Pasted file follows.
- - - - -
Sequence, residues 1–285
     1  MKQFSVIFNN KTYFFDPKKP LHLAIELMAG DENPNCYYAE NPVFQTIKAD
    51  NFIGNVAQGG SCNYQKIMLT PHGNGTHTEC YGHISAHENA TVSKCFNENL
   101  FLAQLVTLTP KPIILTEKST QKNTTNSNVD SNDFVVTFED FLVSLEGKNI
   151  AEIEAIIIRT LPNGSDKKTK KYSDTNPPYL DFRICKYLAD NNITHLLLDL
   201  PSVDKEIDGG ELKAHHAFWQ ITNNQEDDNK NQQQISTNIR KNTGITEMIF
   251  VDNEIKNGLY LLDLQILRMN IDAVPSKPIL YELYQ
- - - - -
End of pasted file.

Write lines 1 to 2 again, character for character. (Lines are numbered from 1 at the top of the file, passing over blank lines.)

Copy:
Sequence, residues 1–285
     1  MKQFSVIFNN KTYFFDPKKP LHLAIELMAG DENPNCYYAE NPVFQTIKAD